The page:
Monday, November 17, 2014

The Unloved Step-Child of the Bookstore: How I Embraced Non-Fiction and Why You Should Too



When I was younger I always used to say I preferred fiction to non-fiction because in fiction anything could happen, whereas non-fiction had to play by the rules of reality and therefore there were less possibilities. This was my super sophisticated way of saying at no point in a nonfiction novel was there ever a chance of a dragon showing up, so why bother?

Throughout my college career, however, I have had to read a number of non-fiction stories, most of them memoirs, and I have come to the conclusion that non-fiction is often far more surprising than any fictional plot twist could be. Turns out there are more rules in fiction than reality.



In fiction the story has to make sense. Character progressions and plot lines need to be logical. We need to be able to understand the motives behind character's actions, and any actions that seem out of character are cause for suspicion and criticism. In fiction we know who the good guys and the bad guys are and, perhaps the most important, we can normally count on the good guys winning.

The real world makes no such promises, and neither does non-fiction. And I think that is what makes non-fiction so powerful, and also what makes it so terrifying. In the real world the narratives all become much more complex and lines are blurred between good and bad. People are forced to live through terrible things for no reason, and more often than not there is no turning point, no deus ex machina miracle, no happy ending. People do terrible things for reasons we cannot comprehend, and sometimes the "bad guys" win. Non-fiction is raw, it is so often beautiful and terrible all at once, and most terrifying of all, it is real.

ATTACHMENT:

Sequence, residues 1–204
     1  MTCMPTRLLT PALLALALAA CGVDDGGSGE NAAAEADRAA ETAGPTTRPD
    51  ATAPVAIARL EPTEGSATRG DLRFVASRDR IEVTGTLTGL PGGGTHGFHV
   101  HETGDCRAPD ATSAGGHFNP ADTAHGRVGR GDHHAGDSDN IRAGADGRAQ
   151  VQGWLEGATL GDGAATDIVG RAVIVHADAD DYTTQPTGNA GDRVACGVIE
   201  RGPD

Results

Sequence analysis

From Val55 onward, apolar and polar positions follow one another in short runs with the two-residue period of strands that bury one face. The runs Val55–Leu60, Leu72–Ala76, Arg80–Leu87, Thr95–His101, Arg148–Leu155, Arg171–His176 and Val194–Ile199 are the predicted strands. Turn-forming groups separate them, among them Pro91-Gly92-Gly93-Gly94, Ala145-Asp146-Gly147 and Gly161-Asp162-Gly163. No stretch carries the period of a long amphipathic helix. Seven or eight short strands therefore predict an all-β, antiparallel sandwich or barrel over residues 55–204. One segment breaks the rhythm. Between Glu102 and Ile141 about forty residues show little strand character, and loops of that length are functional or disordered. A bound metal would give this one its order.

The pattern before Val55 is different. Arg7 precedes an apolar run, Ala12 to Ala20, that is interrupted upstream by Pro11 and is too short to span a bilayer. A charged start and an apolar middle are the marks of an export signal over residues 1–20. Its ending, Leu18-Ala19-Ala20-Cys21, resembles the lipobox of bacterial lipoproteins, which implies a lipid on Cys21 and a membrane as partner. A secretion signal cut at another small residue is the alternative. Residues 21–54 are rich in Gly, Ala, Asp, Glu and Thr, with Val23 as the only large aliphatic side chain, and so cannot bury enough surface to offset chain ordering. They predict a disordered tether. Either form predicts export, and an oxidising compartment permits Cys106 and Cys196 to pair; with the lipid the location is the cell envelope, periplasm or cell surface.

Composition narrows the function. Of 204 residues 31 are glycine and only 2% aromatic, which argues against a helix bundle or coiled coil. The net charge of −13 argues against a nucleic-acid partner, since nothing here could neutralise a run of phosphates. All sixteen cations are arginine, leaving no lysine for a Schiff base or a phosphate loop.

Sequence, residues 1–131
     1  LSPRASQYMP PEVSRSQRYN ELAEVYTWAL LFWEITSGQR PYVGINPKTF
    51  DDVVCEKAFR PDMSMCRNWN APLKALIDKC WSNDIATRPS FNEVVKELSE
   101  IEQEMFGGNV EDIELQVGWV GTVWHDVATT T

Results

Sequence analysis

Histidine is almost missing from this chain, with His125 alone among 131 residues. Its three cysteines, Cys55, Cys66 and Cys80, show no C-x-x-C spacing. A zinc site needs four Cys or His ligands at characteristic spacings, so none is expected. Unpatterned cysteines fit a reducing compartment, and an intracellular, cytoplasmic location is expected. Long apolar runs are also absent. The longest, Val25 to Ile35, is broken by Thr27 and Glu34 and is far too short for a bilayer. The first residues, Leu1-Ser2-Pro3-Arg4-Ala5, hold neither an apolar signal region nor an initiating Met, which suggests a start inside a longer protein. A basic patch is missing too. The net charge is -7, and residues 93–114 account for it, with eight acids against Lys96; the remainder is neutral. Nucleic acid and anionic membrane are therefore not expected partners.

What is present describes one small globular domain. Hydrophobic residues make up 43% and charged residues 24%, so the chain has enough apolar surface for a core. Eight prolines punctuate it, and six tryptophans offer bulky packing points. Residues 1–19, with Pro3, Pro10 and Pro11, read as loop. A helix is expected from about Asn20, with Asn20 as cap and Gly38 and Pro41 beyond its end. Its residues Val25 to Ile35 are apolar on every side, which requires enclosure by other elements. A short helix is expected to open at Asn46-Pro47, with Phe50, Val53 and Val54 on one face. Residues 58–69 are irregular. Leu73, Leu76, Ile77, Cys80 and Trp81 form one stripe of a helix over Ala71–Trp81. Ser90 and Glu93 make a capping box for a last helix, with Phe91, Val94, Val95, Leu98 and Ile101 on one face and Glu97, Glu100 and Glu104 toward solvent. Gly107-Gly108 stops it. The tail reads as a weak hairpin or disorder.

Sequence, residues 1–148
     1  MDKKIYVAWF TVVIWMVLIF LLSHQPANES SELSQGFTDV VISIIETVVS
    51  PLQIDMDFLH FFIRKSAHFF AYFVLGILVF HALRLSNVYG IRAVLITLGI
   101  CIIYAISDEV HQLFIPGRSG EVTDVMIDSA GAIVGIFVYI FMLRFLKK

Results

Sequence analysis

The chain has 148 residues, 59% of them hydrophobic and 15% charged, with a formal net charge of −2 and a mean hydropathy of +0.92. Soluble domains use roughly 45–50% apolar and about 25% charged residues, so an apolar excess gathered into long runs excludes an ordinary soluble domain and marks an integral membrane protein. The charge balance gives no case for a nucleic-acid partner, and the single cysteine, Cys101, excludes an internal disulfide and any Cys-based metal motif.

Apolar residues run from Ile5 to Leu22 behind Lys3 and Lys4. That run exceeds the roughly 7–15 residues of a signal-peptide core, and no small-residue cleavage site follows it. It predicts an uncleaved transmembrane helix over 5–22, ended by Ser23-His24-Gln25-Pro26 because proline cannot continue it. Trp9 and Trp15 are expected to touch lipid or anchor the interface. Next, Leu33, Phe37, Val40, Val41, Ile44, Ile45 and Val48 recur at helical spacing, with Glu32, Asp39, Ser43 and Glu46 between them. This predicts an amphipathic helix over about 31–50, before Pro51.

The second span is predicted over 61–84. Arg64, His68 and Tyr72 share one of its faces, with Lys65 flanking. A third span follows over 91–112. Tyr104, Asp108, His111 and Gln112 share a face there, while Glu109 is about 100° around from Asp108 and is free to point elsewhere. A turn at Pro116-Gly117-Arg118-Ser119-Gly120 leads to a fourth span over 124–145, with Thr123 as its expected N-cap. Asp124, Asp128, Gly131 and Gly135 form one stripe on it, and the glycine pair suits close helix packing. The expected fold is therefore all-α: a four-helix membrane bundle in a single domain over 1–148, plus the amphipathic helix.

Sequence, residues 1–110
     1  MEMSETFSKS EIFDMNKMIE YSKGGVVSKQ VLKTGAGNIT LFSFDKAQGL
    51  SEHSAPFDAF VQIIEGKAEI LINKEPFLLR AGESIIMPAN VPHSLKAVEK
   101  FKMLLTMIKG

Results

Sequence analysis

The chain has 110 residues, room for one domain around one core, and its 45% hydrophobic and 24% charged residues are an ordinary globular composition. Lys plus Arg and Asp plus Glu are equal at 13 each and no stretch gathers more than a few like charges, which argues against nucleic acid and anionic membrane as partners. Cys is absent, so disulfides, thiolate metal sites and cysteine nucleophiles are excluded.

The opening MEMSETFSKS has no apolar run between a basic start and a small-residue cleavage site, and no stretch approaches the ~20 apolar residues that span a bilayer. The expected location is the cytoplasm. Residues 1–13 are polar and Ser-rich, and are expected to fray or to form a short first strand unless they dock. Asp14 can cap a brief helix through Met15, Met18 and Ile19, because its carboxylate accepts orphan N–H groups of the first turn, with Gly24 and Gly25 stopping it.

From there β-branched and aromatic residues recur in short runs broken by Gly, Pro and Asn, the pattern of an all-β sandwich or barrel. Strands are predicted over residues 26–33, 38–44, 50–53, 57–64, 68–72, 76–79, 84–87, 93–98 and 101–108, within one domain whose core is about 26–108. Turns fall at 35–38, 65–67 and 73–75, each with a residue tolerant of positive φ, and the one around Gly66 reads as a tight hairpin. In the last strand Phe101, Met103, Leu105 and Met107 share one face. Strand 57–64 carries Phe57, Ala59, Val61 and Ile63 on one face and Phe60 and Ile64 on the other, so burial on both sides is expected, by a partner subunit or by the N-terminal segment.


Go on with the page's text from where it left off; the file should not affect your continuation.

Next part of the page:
Non-fiction, particularly memoirs, have come to hold a very special place on my bookshelf and in my heart. I love learning about history from the perspectives of the people who lived it. I love feeling connected to the lives and experiences of people from all over the world and from all different time periods. I have a particular soft spot for memoirs of people who lived through tragedies, because those are the pieces of history that interest me the most. It sounds a bit dark, but I am drawn to the periods and events that involve the greatest suffering, the times when things went terribly, terribly wrong. I think it is partially because I feel like we have an obligation to remember and to do justice to those who suffered, and partially because I truly believe studying past tragedies can help prevent future ones.

I've collected quite a few memoirs over the past few years and I thought I would share a few of my favorites with you lovely people.

Night by Elie Wiesel. 


Never shall I forget that night, the first night in camp, that turned my life into one long night seven times sealed....Never shall I forget those flames that consumed my faith forever....Never shall I forget those moments that murdered my God and my soul and turned my dreams to ashes. Never shall I forget those things, even were I condemned to live as long as God Himself. Never.

Night is a poignant Holocaust narrative on life in the Auschwitz, and later Buchenwald, concentration camps in Nazi Germany. The narration is beautiful, but the material is raw and utterly un-sugar coated. I cried a lot. It is a fairly short book, but I would heavily recommend spacing your reading out a bit as it is extraordinarily emotionally draining. It is a must read for anyone interested in better understanding the Holocaust and the enormous suffering inflicted upon the millions of victims.

Finding MaƱana by Mirta Ojito




To be revolutionary was to be Cuban. To be Cuban was to be revolutionary...The adults contributed with their sweat and loyalty, while we, the children, were expected to turn over our souls.